1. Start Orb->All Programs->Accessories->Command Prompt

    or

    2. Start Orb,  type CMD in the search box and select cmd.exe (should be the only program on the list.)

    There'll be a lot of information there, but for right now we're only interested in the stuff that pertains to the wired network adapter.  Once we get that working with the router we can move on to the wireless part.

    • Marked as answer by navyguy78 Friday, February 04, 2011 1:25 AM
    Thursday, February 03, 2011 1:06 PM
  • Thanks!  You guys are a great help will try the additional steps tonight.
    Gerald Gilbert
    Thursday, February 03, 2011 1:34 PM
  • Thanks guys!  I have followed all the steps and I am now able to connect to the router wired and wireless.  However, unable to set up security.  Went to the router's configuration page and clicked on the Status tap and there was an address and DNS info.  Went to the  Wireless tab and for Security Mode selected WPA Personal (PSK-Personal was not an option), for encryption I selected TKIP.  I entered my shared key and saved settings.  Once I did that a page came up that said continue but the internet connection was lost.  I powered off and reset everything and did the enter procedure again with the same results.

     

    In addition, when I went to the Command Prompt  and hit enter it came up with C:\Users\Admin>

     

    Is there another procedure to set up security?


    Gerald Gilbert
    Friday, February 04, 2011 12:09 AM
  • WPA and PSK are the same thing, just different terminology used by different manufacturers.  When you say that Internet connectivity was lost do you mean by the router or by your computer?   If it was the computer and not the router then that's normal - your router's wireless is now set for encryption but your computer isn't - yet.  
    • Marked as answer by navyguy78 Friday, February 04, 2011 1:25 AM
    Friday, February 04, 2011 12:21 AM
  • Connection was lost by the computer.  Where do I set up encryption in the computer?

    Gerald Gilbert
    Friday, February 04, 2011 12:24 AM
  • All right, now we're getting somewhere!

    Okay, since you've already set up a wireless connection we'll go with that:

    Click on the Start Orb then in the right column right-click on Network.  Select Properties.  In the left column select Manage wireless networks.  Find your network on the list, it's probably the only one (and if you didn't change your SSID it's probably "Linksys".)  Right-click on it and select Properties.  Select the Security tab.  For Security type select WPA-Personal (since that's what you used on the router); for Encryption type select TKIP (again, the same as on the router); check the box that says Show characters (so you can see what you're typing) and enter your pre-shared key in the Network security key box - make sure to type it exactly the same as you did on the router.  Click OK and go ahead and close all the windows.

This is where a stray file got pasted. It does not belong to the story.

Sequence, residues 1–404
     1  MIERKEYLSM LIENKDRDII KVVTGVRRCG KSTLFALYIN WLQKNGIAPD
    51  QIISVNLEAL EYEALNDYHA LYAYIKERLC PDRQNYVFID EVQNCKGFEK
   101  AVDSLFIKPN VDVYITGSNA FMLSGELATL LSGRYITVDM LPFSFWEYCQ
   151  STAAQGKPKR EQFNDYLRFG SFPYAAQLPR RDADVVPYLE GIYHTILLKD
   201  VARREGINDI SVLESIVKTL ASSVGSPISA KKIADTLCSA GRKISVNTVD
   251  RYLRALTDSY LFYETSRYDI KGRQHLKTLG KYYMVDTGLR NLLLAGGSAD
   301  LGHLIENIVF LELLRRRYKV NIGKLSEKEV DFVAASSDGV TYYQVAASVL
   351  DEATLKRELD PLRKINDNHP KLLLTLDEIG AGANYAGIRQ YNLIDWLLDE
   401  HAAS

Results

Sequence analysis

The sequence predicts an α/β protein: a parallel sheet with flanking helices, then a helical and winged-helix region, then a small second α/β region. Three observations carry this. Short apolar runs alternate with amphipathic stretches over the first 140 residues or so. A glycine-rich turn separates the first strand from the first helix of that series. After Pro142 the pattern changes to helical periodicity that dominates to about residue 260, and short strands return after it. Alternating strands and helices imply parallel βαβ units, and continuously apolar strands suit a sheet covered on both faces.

A word of advice: make sure you set up encryption on the router first or you might have difficulty reconnecting without resetting and starting all over.

    Now, about that Command Prompt - that's what it should be; that pops up and you just type in the command.  When you're done you can either type exit or just close the window.

    Also - once encryption is set up you'll notice it takes slightly longer to connect because it has to negotiate a hash algorithm (based on the pre-shared key) with the router now.

    • Marked as answer by navyguy78 Friday, February 04, 2011 1:25 AM
    Friday, February 04, 2011 12:47 AM
  • Thank you, thank you, thank you!  I am now up and running!  One last question, my primary laptop is open.  How do I set up for another computer to use my network?  Do I use my passphrase or is there another set up I need to do?

    Gerald Gilbert
    Friday, February 04, 2011 1:24 AM
  • Each computer that connects wirelessly will have to have the encryption set up the same way you just did, with the same passphrase.  You shouldn't ever need to touch the router's settings again unless you update its firmware.  For a wired connection, all you should need to do is plug it in; the security is only for the wireless.

    At some point in the future, when you're more comfortable playing around with the settings, you might want to consider changing your wireless' SSID to something besides the default; that way it won't try to connect to any network named "Linksys" automatically.

    • Marked as answer by navyguy78 Friday, February 04, 2011 1:48 AM
    Friday, February 04, 2011 1:39 AM
  • Thanks!  You were a great help!

    Gerald Gilbert
    Friday, February 04, 2011 1:48 AM